Speaking at meetings

Public participation is a maximum of 60 minutes at the beginning of any meeting of Council, or committee meetings that are open to the public.

If you want to appear before a meeting to speak, you can do so as:

  • a member of the public
  • a person or a group of people with a specific purpose or common view, an interest group or organisation.

You first need to apply for approval - see the following guidance information.

Note that the process for speaking at District Licensing Committee meetings is different. For more information, see:

Alcohol Licensing - Public Input

Criteria for speaking at meetings

The public can speak to most agenda items (though requests are subject to the approval of the Chair). In addition, participation can be declined under Standing Order 31.5. This Standing Order states:

31.5: Public participation not allowed for certain business.

Public participation will not permitted in relation to the following agenda items for a meeting:

a) minutes being presented to a meeting for authentication; or
b) reports that set out recommendations arising from a statutory hearing process.

The exclusion in standing order 31.5 is particularly relevant for speaking on District Plan Change agenda items at Council meetings. When such matters are before the Council, this is likely to be the final decision-making step required under the statutory process contained in the Resource Management Act 1991.

Accordingly, the Council is legally constrained in the matters that it may consider when making its decision and cannot take into consideration the views of the public at this stage in the process because it may prejudice the whole decision-making process.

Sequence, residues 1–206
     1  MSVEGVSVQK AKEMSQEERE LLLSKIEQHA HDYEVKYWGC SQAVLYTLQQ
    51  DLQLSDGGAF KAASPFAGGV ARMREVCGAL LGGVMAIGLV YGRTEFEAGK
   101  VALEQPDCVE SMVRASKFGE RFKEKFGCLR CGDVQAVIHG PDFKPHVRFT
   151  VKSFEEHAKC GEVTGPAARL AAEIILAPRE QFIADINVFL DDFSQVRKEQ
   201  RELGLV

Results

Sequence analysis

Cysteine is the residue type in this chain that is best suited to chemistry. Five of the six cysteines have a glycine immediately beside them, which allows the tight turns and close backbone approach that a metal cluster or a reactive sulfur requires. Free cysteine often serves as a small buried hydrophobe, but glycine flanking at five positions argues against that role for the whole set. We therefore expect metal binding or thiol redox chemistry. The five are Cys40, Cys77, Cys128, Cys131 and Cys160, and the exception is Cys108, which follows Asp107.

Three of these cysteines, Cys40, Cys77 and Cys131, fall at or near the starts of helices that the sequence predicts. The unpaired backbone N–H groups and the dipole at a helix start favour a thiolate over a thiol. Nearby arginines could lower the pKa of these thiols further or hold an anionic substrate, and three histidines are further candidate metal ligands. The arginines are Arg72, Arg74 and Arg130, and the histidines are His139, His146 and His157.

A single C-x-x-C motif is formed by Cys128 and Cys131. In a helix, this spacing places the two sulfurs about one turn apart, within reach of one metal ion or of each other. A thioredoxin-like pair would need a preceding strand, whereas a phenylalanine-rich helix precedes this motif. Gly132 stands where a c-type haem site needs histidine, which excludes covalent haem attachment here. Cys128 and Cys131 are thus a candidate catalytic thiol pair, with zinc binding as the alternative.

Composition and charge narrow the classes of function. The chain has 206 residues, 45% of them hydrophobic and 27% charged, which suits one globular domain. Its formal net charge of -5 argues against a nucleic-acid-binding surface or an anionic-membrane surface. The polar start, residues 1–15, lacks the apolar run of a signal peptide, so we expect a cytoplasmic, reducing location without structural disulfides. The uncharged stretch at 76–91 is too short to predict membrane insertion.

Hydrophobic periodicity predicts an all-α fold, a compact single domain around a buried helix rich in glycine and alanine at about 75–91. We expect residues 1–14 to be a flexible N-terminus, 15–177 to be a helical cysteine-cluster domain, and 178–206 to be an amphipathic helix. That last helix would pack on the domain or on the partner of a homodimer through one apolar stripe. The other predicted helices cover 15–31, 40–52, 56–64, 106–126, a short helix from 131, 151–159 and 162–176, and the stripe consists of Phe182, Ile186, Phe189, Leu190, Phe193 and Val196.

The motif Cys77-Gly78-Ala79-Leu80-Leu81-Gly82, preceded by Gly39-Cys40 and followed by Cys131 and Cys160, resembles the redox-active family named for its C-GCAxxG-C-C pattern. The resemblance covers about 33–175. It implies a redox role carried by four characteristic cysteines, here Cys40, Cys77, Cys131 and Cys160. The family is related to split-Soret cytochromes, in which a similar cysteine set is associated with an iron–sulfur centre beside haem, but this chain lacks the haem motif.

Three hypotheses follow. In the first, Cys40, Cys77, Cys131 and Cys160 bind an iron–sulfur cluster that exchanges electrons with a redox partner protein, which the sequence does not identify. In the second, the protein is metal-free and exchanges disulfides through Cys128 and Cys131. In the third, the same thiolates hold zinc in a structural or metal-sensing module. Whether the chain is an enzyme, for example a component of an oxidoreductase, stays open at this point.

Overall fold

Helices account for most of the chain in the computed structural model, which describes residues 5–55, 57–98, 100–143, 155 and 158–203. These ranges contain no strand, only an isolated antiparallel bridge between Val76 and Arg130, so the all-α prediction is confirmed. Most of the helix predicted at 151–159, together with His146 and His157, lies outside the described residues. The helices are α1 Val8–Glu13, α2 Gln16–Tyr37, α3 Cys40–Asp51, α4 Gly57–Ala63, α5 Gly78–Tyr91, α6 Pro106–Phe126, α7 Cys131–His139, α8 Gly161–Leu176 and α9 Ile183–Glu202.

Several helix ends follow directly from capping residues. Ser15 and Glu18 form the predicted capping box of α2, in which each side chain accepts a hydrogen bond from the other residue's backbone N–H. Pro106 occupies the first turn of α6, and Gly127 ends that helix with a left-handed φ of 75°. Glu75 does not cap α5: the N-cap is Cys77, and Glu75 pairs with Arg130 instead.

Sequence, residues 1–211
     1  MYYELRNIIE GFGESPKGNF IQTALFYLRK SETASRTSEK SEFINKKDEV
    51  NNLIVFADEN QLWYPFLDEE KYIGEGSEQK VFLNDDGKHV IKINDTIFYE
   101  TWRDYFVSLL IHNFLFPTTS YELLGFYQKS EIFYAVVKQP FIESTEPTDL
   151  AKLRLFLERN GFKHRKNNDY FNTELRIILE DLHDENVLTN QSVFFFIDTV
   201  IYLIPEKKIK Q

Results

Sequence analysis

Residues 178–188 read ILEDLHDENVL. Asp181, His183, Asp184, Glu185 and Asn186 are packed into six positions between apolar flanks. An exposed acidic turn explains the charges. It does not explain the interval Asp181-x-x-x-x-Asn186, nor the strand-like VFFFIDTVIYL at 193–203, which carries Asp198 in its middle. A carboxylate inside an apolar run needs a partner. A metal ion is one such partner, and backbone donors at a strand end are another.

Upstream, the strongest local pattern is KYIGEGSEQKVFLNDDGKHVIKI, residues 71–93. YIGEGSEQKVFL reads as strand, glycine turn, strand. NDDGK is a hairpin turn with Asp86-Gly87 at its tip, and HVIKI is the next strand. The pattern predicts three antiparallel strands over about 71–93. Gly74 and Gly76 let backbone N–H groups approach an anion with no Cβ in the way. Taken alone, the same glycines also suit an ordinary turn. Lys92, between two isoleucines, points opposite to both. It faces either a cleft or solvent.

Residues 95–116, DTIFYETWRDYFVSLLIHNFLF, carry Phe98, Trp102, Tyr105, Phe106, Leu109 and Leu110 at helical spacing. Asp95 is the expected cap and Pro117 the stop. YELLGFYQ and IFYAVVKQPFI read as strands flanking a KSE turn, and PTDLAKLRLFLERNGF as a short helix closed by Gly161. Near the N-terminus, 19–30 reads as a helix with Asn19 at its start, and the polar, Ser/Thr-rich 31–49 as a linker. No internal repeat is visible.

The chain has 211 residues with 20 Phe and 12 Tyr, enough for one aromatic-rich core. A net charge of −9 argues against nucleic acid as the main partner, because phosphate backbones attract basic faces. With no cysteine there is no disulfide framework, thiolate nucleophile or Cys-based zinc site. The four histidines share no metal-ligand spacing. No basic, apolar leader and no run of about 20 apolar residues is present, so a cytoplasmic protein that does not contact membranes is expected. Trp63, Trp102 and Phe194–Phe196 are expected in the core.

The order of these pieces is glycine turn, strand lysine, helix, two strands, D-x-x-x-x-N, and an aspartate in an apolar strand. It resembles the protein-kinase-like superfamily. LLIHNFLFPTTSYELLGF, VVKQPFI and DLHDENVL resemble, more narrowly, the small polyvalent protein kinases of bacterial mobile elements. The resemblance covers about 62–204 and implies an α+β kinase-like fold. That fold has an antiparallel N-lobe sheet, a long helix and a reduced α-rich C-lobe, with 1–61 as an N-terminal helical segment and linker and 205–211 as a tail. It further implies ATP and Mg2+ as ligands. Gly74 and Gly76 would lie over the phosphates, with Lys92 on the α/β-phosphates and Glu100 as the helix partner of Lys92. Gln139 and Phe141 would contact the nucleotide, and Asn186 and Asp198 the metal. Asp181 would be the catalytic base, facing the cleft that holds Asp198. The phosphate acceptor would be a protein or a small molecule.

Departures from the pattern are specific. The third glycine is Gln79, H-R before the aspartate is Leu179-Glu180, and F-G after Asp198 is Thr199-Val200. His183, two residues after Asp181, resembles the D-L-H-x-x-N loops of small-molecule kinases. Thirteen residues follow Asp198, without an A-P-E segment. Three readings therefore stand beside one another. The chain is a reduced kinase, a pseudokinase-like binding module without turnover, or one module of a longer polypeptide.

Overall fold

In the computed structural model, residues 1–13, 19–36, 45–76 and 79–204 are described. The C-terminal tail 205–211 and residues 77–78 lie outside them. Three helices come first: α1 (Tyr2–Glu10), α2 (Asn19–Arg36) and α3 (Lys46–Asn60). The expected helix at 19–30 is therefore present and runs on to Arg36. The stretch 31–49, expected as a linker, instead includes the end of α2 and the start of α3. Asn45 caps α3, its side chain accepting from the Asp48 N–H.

Note:
If you need further information from Councillors or Council staff, phone the Council's contact centre on (04) 499 4444 or email your question to info@wcc.govt.nz. Please don't use the meetings as an opportunity to get this information.

Translation of Participation Information

Applying to speak at a meeting

If you want to address the meeting as a member of the public, or as a person or a group of people with a specific purpose or common view (an interest group or organisation), your application must be with Democracy Services before 12 noon on the working day before the meeting you want to address.

If you miss the deadline and if, in the opinion of the Chair, the subject is a matter of urgency or major public interest, then the Chair may use discretion to waive the requirements for notice.

You can bring your application in person to the Council offices at 12 Manners Street or contact:

Democracy Services

Phone: 04 803 8334
Email: public.participation@wcc.govt.nz

You need to provide:

  • your name and contact details
  • which meeting you would like to speak to.

After applications have closed, Democracy Services will speak with the Chair of the meeting who will approve or decline your application.

Democracy Services will contact you about the outcome of your application.

Preparing for the meeting

Talk to Democracy Services if you are going to:

  • make a PowerPoint presentation (these need to be emailed to Democracy Services by 4pm on the working day before the meeting)
  • provide handouts (to find out how many copies you need to bring with you)
  • table supplementary material.

At the meeting

Sit in the public gallery and wait for the meeting to start.

The Democracy Advisor will be in the meeting room 10 - 15 minutes before the meeting begins and will:

  • register those who have approval to present / speak to the meeting
  • take any handouts you've brought with you and distribute them
  • answer your questions.

The Chair may begin the meeting by running through some housekeeping matters before calling you forward.

Making your presentation